The Associated Press reports Monday that new voter identification laws could block thousands of Americans from voting this fall. As part of its investigation, the AP examined voting in the 2008 general election in Indiana and Georgia, where it found more than 1,200 votes were thrown out. But the state that could be worst affected in 2012, a voters rights group tells Whispers, is the swing state of Pennsylvania. Last week, Pennsylvania officials released new data that estimated 750,000 voters who don’t have photo IDs could be impacted by new voter identification laws. Marcia F. Johnson-Blanco, co-director of the Voting Rights Project, said that number makes sense. And she notes that the groups most affected by the law will be Pennsylvania’s minorities and elderly–voters that most often for Democrats.
Wisconsin: Racine County Sheriff’s Office finishes investigation into Wisconsin recall election allegations, reports sent to DA | Journal Times
The Racine County Sheriff’s Office has finished its investigation into several June 5 recall election complaints. “All the reports have been turned over to the district attorney,” Racine County Sheriff’s Lt. Steven Sikora said Monday. The sheriff’s office also on Monday turned over its investigation into allegations that a Raymond town supervisor ripped up nomination papers pertaining to a separate Raymond recall, Sikora said. Sikora couldn’t say if the sheriff’s office is recommending charges for any election related complaints. “It’s now in the DA’s hands,” Sikora said. Following the June 5 recall elections, in which former state Sen. John Lehman, D-Racine, defeated state Sen. Van Wanggaard, R-Racine, multiple allegations of irregularities at the polls have come up.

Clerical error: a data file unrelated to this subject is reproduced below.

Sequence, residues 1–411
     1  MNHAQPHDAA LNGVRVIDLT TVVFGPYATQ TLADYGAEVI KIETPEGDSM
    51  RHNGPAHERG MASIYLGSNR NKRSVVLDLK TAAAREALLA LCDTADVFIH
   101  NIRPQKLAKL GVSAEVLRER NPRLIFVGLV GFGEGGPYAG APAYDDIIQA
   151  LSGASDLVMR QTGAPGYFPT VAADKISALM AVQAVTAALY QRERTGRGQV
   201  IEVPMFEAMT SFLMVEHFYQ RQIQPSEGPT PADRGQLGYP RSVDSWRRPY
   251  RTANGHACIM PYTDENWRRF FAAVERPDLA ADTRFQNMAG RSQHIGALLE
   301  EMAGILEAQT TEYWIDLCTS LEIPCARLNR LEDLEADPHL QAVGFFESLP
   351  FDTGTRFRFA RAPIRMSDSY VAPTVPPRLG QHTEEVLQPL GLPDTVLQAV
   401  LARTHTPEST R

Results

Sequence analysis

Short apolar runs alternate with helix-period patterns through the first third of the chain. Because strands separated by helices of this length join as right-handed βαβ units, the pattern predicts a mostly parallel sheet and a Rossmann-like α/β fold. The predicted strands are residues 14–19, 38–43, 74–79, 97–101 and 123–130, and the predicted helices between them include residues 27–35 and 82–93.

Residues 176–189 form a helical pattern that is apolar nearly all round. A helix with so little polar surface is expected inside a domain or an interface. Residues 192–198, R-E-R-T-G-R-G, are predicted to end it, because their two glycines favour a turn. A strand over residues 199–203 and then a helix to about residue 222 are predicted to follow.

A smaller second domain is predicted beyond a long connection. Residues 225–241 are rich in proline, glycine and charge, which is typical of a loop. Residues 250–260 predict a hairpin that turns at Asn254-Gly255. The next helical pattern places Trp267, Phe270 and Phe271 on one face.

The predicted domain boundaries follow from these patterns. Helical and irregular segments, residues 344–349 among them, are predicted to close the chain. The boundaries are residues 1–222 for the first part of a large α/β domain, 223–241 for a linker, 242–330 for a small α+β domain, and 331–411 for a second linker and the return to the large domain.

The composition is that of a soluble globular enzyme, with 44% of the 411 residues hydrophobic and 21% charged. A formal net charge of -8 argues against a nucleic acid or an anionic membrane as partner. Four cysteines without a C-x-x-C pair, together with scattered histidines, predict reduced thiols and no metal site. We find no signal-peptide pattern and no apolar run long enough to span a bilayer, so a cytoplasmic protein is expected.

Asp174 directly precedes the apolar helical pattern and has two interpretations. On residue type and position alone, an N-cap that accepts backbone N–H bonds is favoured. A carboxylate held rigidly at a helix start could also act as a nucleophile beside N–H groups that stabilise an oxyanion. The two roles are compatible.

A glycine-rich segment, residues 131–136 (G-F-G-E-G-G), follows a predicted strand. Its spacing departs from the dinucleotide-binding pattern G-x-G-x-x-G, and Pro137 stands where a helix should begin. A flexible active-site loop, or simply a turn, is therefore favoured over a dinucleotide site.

Texas and the Justice Department began their federal court fight on Monday in a trial over Texas’ new voter ID law, which requires all voters to show a government-issued photo ID in order to vote. Back in March, the Justice Department blocked the law on the grounds that they felt it might discriminate against minority voters. As a result, Texas fired back with a lawsuit against Attorney General Eric Holder. At issue is a 2011 law passed by Texas’ GOP-dominated Legislature that requires voters to show photo identification when they head to the polls. The state argued Monday that the law represents the will of the people and does not run afoul of the Voting Rights Act, passed in 1965 to ensure minorities’ right to vote. The opening statements from both sides of the argument have set the stage for a legal battle over the federal Voting Rights Act.